Flex DeluxeGrant Morrison’s Day-Glo Years: Flex Mentallo, Part 1

The Invisibles is Grant Morrison’s definitive work about our world, the nexus of his philosophical worldview, simultaneously the source and culmination of his ideas about our universe. But there is another world, the super-hero world

Kingdom Come SupermanOn Kingdom Come, by Mark Waid and Alex Ross

1996’s Kingdom Come — a self-contained, fully-painted series by writer Mark Waid and artist Alex Ross — was first published as a four-issue, prestige-format mini-series, designated as an Elseworlds (i.e. out-of-continuity) tale.  The story was… [more]

The Killing Joke 7Meet the Magus, Part 7: Dualism and the Dark Side in Batman: The Killing Joke

For fans, many of the works that Alan Moore produced for DC carry the shadow of later acrimony between the author and publisher

Avengers 001On Iron Man in 1963, by Stan Lee, Don Heck, and Jack Kirby

Why should we care about Tony Stark? More importantly, why should we pity him?

Miracleman, chapter 7, bottom of page 7 (Warrior version)Miracleman, Chapter 7 Concludes

We’ve begun discussing chapter seven (parts one, two, and three) of Alan Moore’s Miracleman, illustrated by Alan Davis. Today, we conclude our exploration of that chapter. (We’ve previously introduced Miracleman and discussed chapters one, two, three, four, five, and… [more]

StoyaStoya on Why Chicks are Gross

Stoya is an adult film star and model. She’s also a big fan of science fiction, including the works of Warren Ellis!

HNYS2 -- 1No One Cared About Me Until I Put on a Mask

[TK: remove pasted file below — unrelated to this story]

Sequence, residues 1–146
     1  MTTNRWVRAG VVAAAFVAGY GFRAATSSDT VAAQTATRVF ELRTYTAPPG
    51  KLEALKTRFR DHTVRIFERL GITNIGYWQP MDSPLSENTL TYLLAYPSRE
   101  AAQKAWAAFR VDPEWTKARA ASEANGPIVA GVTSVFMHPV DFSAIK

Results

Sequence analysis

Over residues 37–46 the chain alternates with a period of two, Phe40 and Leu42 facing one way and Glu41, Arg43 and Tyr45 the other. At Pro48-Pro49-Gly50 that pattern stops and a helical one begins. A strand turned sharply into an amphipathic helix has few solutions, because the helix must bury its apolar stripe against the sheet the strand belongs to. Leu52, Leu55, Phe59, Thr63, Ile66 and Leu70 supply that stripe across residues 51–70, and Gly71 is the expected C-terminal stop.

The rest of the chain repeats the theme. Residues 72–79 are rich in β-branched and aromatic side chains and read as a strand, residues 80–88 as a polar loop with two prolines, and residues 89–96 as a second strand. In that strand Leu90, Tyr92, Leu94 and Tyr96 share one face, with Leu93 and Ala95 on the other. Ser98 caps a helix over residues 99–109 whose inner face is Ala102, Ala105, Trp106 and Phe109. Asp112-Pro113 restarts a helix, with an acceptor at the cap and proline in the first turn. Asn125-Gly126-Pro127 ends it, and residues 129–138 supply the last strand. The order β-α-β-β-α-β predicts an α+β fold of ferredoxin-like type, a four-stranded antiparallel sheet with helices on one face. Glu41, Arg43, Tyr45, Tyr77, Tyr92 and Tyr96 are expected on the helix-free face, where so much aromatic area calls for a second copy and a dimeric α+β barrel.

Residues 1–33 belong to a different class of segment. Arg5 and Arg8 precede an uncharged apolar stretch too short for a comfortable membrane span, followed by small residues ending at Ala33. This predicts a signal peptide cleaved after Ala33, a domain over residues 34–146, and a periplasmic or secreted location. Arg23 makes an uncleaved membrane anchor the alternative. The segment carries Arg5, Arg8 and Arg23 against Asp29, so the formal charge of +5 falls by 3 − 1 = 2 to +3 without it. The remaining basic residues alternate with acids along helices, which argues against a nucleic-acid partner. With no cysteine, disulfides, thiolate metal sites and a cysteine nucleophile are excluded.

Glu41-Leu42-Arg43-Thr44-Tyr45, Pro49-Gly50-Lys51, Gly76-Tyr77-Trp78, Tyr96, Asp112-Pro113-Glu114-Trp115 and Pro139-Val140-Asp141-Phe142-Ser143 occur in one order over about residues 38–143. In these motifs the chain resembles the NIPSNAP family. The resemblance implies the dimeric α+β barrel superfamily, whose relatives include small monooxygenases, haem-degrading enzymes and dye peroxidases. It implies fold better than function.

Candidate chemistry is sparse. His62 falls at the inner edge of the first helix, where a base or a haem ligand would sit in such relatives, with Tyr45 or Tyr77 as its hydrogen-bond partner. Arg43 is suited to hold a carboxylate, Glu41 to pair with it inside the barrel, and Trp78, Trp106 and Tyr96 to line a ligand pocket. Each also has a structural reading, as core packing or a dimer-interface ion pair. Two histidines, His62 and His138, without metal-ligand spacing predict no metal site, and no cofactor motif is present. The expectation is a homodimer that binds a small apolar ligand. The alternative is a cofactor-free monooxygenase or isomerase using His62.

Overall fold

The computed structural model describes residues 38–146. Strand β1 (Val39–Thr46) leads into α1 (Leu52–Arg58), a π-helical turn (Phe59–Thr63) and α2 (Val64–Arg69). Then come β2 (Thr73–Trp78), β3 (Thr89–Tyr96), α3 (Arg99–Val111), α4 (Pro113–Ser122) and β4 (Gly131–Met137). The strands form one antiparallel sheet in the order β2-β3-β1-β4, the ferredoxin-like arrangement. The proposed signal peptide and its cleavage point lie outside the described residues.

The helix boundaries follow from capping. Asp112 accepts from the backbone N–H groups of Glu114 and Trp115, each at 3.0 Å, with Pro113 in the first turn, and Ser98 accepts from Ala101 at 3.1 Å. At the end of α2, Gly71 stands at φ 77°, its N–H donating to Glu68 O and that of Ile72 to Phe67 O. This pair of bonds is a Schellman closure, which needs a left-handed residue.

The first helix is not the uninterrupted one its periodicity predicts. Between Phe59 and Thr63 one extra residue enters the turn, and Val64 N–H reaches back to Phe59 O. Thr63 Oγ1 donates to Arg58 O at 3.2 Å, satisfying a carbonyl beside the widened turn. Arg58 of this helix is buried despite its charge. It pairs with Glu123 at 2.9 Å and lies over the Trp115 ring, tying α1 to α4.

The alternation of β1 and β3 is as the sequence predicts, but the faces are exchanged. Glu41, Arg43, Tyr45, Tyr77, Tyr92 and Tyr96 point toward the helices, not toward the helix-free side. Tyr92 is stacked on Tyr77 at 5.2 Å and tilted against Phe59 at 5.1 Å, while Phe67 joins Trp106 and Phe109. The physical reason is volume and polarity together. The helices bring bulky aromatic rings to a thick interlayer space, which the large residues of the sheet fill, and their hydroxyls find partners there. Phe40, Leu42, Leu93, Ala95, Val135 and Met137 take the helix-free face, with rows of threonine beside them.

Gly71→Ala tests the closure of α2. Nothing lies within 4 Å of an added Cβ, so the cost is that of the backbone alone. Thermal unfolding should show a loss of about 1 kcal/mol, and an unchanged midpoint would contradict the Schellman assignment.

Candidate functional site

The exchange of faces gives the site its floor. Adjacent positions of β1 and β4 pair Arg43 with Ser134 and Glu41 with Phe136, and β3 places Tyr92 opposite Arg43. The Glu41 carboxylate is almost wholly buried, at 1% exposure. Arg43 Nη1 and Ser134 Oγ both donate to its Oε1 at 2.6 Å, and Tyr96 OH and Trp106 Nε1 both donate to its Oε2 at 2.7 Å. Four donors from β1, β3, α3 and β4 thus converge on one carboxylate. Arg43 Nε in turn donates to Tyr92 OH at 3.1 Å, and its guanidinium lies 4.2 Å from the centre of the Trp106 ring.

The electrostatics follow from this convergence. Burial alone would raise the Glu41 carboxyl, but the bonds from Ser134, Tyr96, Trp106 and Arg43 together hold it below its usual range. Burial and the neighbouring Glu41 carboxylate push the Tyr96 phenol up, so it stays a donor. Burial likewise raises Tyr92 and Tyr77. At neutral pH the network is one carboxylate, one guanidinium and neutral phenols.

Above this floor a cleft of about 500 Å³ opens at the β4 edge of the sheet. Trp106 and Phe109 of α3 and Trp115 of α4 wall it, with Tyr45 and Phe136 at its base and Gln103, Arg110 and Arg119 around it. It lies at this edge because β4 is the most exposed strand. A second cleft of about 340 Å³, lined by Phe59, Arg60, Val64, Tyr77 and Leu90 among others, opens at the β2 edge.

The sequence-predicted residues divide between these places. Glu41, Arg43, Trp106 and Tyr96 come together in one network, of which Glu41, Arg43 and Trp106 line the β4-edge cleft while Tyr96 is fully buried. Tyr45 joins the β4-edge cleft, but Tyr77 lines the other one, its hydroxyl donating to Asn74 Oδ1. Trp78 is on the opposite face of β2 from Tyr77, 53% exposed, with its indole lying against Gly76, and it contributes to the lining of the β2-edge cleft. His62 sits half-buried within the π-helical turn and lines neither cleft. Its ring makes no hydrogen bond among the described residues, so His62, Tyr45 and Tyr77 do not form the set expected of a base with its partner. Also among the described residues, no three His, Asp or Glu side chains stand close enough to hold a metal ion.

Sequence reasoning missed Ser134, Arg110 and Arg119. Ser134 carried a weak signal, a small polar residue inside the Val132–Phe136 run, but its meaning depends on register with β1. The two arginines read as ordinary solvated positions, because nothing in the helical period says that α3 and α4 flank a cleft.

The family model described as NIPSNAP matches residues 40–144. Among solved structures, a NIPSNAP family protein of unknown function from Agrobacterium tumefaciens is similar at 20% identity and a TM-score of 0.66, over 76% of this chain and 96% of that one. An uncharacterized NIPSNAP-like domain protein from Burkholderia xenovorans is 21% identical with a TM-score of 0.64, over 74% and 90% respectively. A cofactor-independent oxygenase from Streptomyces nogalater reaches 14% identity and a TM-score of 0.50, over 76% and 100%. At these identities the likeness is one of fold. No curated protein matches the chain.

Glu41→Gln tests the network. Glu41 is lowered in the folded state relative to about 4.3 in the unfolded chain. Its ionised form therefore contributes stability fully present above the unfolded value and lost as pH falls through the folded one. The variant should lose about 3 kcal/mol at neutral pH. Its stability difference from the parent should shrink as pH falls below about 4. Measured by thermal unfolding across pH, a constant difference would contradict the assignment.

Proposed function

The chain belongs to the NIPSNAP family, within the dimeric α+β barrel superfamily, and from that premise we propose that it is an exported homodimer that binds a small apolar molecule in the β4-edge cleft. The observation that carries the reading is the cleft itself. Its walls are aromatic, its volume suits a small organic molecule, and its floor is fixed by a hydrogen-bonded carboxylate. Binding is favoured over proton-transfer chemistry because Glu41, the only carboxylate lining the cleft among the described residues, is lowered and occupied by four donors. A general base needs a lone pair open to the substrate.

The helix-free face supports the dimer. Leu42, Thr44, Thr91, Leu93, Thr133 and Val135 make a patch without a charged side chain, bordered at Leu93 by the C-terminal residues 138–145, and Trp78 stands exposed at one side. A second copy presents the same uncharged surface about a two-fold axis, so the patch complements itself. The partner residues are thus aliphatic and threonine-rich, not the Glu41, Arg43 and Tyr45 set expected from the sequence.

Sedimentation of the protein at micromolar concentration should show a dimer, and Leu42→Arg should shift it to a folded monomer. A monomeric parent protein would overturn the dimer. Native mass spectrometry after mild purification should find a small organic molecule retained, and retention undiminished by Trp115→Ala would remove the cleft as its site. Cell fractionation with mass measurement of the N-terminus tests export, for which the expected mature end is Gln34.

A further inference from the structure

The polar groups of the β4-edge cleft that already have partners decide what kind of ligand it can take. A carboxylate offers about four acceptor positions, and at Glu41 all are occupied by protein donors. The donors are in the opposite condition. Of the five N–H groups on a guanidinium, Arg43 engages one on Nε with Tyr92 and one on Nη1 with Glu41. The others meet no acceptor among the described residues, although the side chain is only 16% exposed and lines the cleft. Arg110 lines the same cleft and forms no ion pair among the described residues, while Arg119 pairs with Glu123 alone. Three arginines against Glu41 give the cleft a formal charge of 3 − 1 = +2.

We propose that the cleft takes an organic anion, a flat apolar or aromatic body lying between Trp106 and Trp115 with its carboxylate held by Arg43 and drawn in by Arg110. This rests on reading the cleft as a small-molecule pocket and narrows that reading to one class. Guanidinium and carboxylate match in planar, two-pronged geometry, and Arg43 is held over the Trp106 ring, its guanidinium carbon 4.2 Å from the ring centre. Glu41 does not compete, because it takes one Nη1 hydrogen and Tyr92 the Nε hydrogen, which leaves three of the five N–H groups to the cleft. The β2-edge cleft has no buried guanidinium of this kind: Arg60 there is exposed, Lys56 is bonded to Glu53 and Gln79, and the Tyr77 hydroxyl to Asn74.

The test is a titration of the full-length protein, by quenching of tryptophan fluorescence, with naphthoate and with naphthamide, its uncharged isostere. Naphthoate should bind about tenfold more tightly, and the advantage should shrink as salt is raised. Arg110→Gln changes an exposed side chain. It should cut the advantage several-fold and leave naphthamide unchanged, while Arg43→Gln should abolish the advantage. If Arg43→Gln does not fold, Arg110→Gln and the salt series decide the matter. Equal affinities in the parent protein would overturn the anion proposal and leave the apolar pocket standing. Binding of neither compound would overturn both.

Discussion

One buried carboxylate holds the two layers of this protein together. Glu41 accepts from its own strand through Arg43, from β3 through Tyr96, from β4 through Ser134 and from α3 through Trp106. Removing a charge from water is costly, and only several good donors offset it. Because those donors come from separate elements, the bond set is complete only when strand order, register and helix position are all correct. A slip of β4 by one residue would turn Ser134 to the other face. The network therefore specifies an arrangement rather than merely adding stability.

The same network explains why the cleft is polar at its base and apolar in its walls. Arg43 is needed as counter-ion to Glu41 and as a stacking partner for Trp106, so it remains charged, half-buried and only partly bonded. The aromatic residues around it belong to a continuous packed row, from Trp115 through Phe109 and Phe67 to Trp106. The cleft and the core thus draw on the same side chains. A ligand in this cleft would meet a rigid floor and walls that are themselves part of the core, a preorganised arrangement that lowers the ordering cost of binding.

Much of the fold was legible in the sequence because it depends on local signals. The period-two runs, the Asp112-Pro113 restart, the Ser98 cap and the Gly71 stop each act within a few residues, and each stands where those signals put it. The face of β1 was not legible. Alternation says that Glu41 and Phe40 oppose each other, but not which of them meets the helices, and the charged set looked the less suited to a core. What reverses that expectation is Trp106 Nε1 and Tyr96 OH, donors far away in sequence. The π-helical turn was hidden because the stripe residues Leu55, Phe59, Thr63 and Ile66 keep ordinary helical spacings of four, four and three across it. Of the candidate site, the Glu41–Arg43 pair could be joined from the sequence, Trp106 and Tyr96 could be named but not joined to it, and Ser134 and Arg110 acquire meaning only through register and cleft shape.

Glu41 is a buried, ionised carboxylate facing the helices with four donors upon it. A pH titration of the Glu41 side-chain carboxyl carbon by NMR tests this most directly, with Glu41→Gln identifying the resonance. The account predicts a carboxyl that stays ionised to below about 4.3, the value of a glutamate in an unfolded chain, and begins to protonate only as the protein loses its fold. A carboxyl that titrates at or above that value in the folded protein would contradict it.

The Dark Knight Rises is not the conclusion to the Dark Knight Trilogy that we deserve, but it is the one that we need right now.

The Sun's "Gotcha" headlineMiracleman, Chapter 7, and British Politics

We’ve begun discussing chapter seven (in two parts) of Alan Moore’s Miracleman, illustrated by Alan Davis. Today, we continue our exploration of that chapter. (We’ve previously introduced Miracleman and discussed chapters one, two, three, four, five, and six,… [more]

Swamp_Thing_Vol_2_23“Another Green World”: Alan Moore’s Swamp Thing, Issue #23

Saga of the Swamp Thing #23: ”Another Green World” Cover date: April 1984. Writer: Alan Moore. Artists: Steve Bissette and John Totleben. Colorist: Tatjana Wood. Letterer: John Costanza. Cover: Tom Yeates. Editor: Len Wein.

Batman 10On the Batman of Three Worlds, by Bill Finger and Sheldon Moldoff (1963)

It’s not so long ago that the very idea would have sounded thoroughly absurd. Yet, the Batman tales of the late ’50s and early ’60s by editor Jack Schiff, writer Bill Finger, and penciler Sheldon… [more]

from Miracleman, chapter 7, page 4 (Eclipse version)Miracleman, Chapter 7: The Mike / Liz / Miracleman Love Triangle

We’ve begun discussing chapter seven of Alan Moore’s Miracleman, illustrated by Alan Davis. Today, we continue our exploration of that chapter. (We’ve previously introduced Miracleman and discussed chapters one, two, three, four, five, and six, plus the… [more]

Grant MorrisonGrant Morrison on Experimental Writing in Doom Patrol

Grant Morrison used a variety of experimental techniques during his surrealist run on Doom Patrol. He discusses them here in a clip from the special edition of Grant Morrison: Talking with Gods, now available for… [more]